Tag Archives: Linux
Some of the biggest news coming out of VeeamON 2015 was based around yet another new free product from Veeam – this time, tackling the Linux market with what was then dubbed to be called Veeam Backup for Linux. You can read about my thoughts around the product when it was announced here – or all of my coverage from VeeamON here. That said VeeamON is all in the past, and my predictions for Veeam Backup for Linux at the time were, well, let’s just say mostly incorrect 🙂
A new name – A new beta
Fast forward to present day and we now have a new name for the product – the newly renamed Veeam Agent for Linux has also been released into a public beta! So if you fancy yourself some tab-completed, neck-bearded, command-line, bash-junky veeamy goodness you can go ahead and sign up for the beta yourself! The bits will be handed out in a first come first-serve manner so I suggest you stop reading this and go ahead and sign up (and then come back of course :))
So what are we looking at?
To kick things off we have support for both Debian and RedHat based Linux distributions. In true Veeam fashion of trying to make things as easy as possible there is now running any “make” or “install” craziness – the product simply comes shipped as a .deb OR .rpm packages depending on your preferred distribution. As far as kernel support – so long as you are running 2.6.32 or higher you are good – which is a pretty hefty backport of kernel support for a new product in my opinion, supporting kernel releases back into late 2009! Also supporting both 32 and 64 bit kernels I’d say we are well covered for a 1.0 beta!
Let’s give it a shot!
To kick things off I’ve setup an instance of Ubuntu server, running 14.04. Now there are a number of prerequisites that we will need installed before we can successfully install Veeam Agent for Linux (VAL) – I’m not going to list them all here, you can see them in the VAL forum that has been created for the beta – think of the normal culprits like gcc, make, etc.. Now, you can go ahead and install these one by one – or you can simply do it the lazy way, by attempting to install the deb package, allowing it to fail, then running an apt-get -f install (shown below)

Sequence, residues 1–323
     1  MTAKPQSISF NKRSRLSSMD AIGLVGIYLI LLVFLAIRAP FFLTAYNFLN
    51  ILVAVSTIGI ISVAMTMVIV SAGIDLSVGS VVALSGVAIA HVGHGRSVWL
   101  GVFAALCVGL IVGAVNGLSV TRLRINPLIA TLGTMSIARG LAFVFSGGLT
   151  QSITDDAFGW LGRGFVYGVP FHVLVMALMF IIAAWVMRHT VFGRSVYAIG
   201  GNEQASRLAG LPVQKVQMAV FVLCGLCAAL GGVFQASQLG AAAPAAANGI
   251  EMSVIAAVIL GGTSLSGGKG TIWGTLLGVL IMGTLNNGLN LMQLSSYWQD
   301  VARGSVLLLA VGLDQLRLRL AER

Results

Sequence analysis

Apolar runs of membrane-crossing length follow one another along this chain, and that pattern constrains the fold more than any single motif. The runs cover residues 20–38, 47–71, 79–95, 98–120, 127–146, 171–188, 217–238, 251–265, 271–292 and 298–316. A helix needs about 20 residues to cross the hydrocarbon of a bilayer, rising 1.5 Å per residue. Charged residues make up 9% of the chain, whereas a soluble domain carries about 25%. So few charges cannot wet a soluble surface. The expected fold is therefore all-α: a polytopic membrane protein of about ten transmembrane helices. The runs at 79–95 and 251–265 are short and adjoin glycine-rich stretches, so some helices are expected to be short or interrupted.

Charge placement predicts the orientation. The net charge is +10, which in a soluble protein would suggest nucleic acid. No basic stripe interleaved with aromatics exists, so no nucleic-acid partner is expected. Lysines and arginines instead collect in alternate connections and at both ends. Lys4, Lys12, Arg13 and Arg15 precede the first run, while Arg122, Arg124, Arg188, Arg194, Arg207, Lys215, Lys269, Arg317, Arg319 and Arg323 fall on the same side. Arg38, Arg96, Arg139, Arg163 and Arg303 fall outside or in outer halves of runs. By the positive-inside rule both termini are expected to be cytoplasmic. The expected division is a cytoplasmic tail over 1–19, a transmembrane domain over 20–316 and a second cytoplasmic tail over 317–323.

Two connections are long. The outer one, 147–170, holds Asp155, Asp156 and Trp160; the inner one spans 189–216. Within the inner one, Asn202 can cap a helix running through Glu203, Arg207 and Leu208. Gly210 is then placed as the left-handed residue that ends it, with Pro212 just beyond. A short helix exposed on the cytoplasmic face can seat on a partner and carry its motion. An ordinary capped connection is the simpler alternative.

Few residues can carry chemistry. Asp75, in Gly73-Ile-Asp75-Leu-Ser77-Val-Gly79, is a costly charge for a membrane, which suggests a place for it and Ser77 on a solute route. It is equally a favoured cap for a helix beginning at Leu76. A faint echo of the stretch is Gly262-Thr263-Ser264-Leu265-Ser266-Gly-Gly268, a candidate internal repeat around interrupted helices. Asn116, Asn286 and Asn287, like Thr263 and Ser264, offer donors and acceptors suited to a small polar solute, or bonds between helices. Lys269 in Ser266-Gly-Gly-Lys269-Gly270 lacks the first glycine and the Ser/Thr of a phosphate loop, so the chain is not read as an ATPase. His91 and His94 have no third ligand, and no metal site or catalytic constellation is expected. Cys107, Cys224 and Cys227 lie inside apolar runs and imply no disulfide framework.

At this point you can go ahead and install the VeeamSnap package, then proceed to do the same excercise of “apt-get -f install” with the Veeam package itself to handle any prerequisites for it.
As far as where I’m going to place my backups for the purposes of this post it’s simply just sitting on a secondary drive that I have attached to my test VM – however you could, and most likely should attach some sort of NFS mount to get your backups off host. In the future and I’m hoping not too long from now we will see some sort of Veeam Backup and Replication repository integration – similar to that we have seen with Veeam Endpoint for Windows.
Veeam have done an amazing job with the interface that they provide on Veeam Agent for Linux. At times you might forget you are even on a command line as the UI is pretty advanced for bash 🙂 To kick things off and create our first job let’s go ahead and run “sudo veeam” as shown below and ‘C’ for configure…
First things first – give the job a name.
As far as the backup mode goes I selected Volume Level – but if you are following along you see you have the option to also do the complete machine level or file-level as well. Below I’ve selected my OS drive as my source.
Again, my destination is local and I’ve set it to maintain 14 restore points.
And, if you chose to do so you can set a schedule…
If you are a Veeam Backup and Replication user then you might be used to certain statistics when looking at running jobs – as you can see below, the bash UI that Veeam has created gives us the same look and feel as that of B&R – allowing us to see the Bottleneck and data statistics just as we do in B&R – this is a huge feature in my mind!
So with that we have successfully installed and configured the new Veeam Agent for Linux beta – also, we have created and successfully ran a backup job. So far so good! That said, backups are only half the battle – restorations is where its at! So how do we restore files within the Veeam Agent for Linux? First up, select your backup job and hit ‘R’.